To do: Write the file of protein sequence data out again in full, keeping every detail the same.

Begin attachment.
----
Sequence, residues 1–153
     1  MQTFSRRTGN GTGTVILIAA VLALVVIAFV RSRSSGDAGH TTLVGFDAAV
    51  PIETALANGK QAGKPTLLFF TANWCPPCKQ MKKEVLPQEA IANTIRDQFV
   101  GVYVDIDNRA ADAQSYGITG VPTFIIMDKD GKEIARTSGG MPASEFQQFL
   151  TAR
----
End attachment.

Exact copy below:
Sequence, residues 1–153
     1  MQTFSRRTGN GTGTVILIAA VLALVVIAFV RSRSSGDAGH TTLVGFDAAV
    51  PIETALANGK QAGKPTLLFF TANWCPPCKQ MKKEVLPQEA IANTIRDQFV
   101  GVYVDIDNRA ADAQSYGITG VPTFIIMDKD GKEIARTSGG MPASEFQQFL
   151  TAR